Three new permit requests for 78-16 Cooper Avenue, the site of a proposed transitional housing facility, were filed with the Department of Buildings (DOB) on July 11 moving the proposed shelter one step closer to reality.
The pending permits filed by Cooper Avenue Group, LLC call for major changes to the certificate of occupancy, from a historically industrial facility to residential, with plans for a significant increase in the maximum persons allowable on the site, as well additional requests for plumbing and mechanical work.
Applications in the DOB filings call for a 9,094-square-foot horizontal enlargement of the property and change of use and occupancy.
“These are permits that one would put in if they were hoping to pull permits and do substantial renovations,” said a DOB spokesperson regarding the recent filings.
Meanwhile, much of the opposition to the proposed 125-family homeless shelter still rides on a recent environmental assessment study (EAS) performed by AECOM USA last month.
As members of the community and local leaders continue to refute the legitimacy of the study, Assemblyman Andrew Hevesi wrote to the agency this week to request a list of similar EAS analyses by the group in the state, or in any jurisdiction in the last 10 years that resulted “in the cancellation of the proposed projects.”
“The basic power of the legislature to conduct oversight activities is inherent in the law-making power conferred by Article III of the New York State Constitution,” Hevesi wrote to Michael Burke, president and chief executive officer at AECOM USA.
Hevesi continued, “There are also several other constitutional and statutory references that reaffirm this right, which gives the legislature the right to assign new powers and functions to departments in government, and the right to inquire into how those functions are being implemented to determine what functions should be increased, decreased, or otherwise modified.”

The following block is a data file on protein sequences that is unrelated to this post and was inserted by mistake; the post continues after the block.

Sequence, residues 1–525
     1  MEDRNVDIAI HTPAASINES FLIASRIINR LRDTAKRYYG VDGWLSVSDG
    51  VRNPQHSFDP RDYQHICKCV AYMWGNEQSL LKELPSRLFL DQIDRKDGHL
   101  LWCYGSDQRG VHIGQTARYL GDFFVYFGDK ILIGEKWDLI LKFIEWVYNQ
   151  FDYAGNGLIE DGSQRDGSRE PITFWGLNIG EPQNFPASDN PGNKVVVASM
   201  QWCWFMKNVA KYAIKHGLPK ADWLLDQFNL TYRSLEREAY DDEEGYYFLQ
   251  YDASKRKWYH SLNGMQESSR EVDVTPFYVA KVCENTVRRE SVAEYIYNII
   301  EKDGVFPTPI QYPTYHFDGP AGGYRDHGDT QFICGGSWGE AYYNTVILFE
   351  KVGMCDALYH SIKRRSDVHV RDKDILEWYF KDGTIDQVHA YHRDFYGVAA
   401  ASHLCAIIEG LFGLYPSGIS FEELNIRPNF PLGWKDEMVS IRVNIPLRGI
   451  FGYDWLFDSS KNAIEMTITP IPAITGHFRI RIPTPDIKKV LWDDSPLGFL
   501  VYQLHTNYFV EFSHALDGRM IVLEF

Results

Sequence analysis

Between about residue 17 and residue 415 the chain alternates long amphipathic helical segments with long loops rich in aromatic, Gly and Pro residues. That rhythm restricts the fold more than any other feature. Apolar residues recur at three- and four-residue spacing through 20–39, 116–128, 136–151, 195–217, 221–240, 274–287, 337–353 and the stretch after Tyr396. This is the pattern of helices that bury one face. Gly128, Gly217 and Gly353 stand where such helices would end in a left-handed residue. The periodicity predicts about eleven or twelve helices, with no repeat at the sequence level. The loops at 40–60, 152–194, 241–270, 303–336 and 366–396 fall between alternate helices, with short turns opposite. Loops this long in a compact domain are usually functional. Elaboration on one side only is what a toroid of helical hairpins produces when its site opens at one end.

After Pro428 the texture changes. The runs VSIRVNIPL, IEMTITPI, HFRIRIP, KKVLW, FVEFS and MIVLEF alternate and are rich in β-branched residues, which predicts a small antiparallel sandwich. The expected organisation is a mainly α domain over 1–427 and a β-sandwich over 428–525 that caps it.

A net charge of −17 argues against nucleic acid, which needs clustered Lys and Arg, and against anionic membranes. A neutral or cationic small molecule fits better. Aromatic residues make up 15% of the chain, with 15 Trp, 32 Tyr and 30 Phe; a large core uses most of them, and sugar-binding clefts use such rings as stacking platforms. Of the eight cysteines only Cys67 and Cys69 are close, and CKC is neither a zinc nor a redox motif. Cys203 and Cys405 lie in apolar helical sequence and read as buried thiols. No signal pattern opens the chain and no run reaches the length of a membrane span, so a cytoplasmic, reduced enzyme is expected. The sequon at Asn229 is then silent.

Richard Huber, a member of Community Board 5 and a nearby business owner, says he, like many others, remain opposed for a wide range of reasons, including the proximity of a chemical factory, and also question the legitimacy of the study.
“I don’t think you’d buy a house next to a chemical factory,” Huber said.
As the longtime owner of the Superior Interlock Corporation, located just across the street from the site at 73-39 Central Avenue, Huber said he is also worried about the possible impacts of a transitional housing facility with more than 300 residents on the local business community.
“It’s going to affect my property value,” he said. “And we have a reliable staff, but our business will be inundated with people coming in asking for jobs every day.”
In the event that the EAS is in fact an accurate filing, Huber, along with other members of the board and elected officials, have revisited previous plans to convert the property to a school in order to address an overcrowding of the 24th District.
In response to a recent audit of over-utilized schools by Comptroller Scott Stringer, it was found that 46 percent of school buildings in Queens were over capacity, the highest in the city.
“The problem with the shelters is that they’re garnering off the resources of the borough, so we need more resources,” said Queens Borough President Melinda Katz, referencing the importance of utilizing space for school construction.
In District 24 in particular, schools like International High School is 171 percent over capacity, P.S. 28 was reported at 157 percent over capacity and P.S. 28 at 157 percent over capacity.
“What we’re saying is that we want to work with the Department of Education (DOE) to get an appropriate school into that site,” Katz said. “And the condition is that the DOE buys the neighboring site so that it’s not a school and a homeless shelter.